The next day I planked down a c-note for a Mercedes CL rental. I put on my track suit disguise and some large shades. I pulled up behind the taxi stand between the bus depot and the main station. Burned through a half a deck of Ducados and finished half a flask of Mascaró when I finally saw the perps.
The two JDLRs from the day before were walking from the depot towards the main station, carrying a large sports bag between them. Undoubtedly the sports bag containing their little friend and the pilfered goods. I ignited the heap and rolled towards them, cutting them off. I rolled down the window and said:
“Hey … hey … peligroso dentro … there are police, policia dentro!”
I threw a monkey wrench in their gypmeisting machine all right. I popped the trunk and got out and held it open. They looked at each other, then down at the sports bag containing the looting lilliputian.
“Come on! Romagnoli … he’s waiting!”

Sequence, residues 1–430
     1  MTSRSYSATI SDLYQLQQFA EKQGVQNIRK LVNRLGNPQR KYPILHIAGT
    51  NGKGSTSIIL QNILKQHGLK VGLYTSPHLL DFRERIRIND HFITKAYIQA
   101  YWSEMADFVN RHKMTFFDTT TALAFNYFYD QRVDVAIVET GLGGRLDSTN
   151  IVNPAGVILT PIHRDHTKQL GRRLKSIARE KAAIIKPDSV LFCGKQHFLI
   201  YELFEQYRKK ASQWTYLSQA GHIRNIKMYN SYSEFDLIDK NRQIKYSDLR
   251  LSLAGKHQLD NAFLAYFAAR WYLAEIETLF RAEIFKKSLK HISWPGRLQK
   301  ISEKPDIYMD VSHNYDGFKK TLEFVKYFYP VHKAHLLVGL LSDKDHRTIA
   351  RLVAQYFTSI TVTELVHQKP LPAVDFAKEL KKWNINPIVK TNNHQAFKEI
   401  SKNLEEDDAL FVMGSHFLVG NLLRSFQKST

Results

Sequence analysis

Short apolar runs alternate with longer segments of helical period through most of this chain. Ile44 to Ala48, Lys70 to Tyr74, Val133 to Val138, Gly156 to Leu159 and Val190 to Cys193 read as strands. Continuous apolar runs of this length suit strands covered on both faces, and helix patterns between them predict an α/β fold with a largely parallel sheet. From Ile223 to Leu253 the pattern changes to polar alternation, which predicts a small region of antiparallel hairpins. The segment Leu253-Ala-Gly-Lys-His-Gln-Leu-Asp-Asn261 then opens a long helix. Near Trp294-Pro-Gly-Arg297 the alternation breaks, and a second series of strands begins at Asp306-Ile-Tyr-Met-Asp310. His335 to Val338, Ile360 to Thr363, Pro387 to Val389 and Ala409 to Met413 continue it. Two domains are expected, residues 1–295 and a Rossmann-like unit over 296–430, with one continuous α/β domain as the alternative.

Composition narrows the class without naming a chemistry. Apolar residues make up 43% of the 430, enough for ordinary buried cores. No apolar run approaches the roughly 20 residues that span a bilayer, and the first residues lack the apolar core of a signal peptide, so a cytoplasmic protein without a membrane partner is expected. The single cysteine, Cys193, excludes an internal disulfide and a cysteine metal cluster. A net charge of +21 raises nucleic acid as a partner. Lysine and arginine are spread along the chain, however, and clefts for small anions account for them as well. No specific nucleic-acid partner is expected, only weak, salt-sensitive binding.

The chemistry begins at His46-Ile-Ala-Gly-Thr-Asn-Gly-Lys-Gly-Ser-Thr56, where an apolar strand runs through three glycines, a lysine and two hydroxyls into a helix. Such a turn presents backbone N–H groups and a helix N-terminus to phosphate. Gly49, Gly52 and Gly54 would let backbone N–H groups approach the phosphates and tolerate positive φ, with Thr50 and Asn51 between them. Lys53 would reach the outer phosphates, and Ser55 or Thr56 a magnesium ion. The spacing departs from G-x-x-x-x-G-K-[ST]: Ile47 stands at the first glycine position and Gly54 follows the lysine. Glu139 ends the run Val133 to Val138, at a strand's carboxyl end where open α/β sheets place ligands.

“Quien eres? Tu … how you know Romagnoli?”
“I’m his cousin … me primo de Romagnoli. C’mon! Fast!”
They hoisted the bag into the trunk and I shut it. They took the back seat and one of them pulled out a cell phone. Before he had a chance to punch a number I rolled up the volume on the radio and gunned the motor. I mashed the pedal all the way down and forced that luxury heap to 11,000 rpms. Then I shifted that mother into first and popped it. The tires screamed and smoked. The raw g forces threw them back and the cell phone went flying. The radio was blaring some infernal teen pop music: